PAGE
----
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Turin cemí

The Museum of Anthropology and Ethnography, University of Turin, Italy

Accession number 1676

front, side and back views of figure 

Turin cotton cemí. Dimensions H: 550mm; W: 355mm.

Documented history

Although several such cotton reliquaries were reportedly sent to Europe as curios shortly after 1492, this is the only example known to have survived. It was found in a cave west of Santo Domingo, Dominican Republic, at some point prior to 1891.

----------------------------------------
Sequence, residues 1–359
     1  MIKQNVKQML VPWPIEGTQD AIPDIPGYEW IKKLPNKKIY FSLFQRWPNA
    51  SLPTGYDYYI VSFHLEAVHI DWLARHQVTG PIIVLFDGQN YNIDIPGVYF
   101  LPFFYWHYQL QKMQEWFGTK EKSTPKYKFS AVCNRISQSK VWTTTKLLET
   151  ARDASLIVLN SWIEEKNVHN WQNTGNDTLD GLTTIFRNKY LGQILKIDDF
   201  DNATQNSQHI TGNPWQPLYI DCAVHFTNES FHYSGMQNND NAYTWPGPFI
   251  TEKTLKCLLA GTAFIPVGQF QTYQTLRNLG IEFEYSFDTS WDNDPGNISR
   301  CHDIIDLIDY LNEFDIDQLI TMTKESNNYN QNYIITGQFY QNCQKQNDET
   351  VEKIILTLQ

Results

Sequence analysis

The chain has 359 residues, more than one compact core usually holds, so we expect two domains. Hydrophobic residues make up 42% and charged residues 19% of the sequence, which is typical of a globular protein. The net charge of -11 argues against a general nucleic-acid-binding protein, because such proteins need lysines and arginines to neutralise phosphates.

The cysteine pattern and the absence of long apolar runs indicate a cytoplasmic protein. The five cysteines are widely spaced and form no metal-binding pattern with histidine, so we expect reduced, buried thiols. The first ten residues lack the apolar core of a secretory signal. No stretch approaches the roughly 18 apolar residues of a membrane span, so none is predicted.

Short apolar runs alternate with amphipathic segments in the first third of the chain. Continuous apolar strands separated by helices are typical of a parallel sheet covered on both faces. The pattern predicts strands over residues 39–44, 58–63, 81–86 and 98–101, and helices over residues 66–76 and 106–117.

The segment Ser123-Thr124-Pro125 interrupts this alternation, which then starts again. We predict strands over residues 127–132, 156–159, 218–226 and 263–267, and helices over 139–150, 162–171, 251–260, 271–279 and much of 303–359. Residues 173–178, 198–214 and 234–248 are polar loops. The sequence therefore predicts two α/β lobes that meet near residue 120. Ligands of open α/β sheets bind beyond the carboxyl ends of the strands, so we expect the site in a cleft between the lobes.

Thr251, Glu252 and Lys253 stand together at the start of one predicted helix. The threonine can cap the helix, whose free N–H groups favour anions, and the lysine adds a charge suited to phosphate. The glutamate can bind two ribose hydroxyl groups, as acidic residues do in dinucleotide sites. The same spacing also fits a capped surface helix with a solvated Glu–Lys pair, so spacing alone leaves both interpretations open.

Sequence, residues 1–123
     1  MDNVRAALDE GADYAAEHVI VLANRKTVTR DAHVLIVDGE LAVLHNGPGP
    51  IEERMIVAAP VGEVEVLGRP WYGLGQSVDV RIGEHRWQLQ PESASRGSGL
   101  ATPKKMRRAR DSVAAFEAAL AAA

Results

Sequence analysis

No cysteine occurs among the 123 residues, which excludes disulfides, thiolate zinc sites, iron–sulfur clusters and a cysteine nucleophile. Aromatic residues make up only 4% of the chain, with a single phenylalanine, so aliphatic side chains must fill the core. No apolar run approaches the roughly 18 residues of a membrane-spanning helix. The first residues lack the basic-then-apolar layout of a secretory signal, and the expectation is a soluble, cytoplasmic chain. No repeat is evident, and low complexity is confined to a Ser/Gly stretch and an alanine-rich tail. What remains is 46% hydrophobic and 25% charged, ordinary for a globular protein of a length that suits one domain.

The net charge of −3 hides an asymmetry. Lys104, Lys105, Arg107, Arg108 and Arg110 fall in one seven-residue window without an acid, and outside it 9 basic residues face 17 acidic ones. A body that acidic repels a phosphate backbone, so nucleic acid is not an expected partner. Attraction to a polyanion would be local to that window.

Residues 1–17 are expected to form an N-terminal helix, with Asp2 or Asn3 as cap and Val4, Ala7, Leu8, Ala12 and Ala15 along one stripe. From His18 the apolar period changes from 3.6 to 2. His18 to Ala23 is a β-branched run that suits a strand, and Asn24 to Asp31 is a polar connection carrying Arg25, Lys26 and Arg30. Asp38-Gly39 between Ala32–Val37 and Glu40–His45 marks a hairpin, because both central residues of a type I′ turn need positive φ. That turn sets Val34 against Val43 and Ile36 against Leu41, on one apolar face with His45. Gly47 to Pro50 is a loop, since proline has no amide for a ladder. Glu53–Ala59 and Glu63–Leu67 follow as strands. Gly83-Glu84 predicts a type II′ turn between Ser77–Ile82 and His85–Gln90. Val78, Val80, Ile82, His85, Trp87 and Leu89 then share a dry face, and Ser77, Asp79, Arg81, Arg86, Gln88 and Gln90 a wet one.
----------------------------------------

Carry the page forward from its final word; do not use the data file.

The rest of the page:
Although its survival in a cave for centuries may initially appear remarkable, caves often provide exceptional organic preservation. It was found by a man hunting wild boar, who was so alarmed by what he saw that he struck out at it with a machete – but later returned with help to remove it from the cave. 

It eventually came to the collection of Sr. Cambiaso, who sent it to Italy by about 1903. At some point prior to 1928, the Director of Turin’s Egyptian Museum, Ernesto Schiaparelli, donated it to Giovanni Marro, the founder and first director of Turin’s Museum of Anthropology and Ethnology.

Studying the sculpture

Further information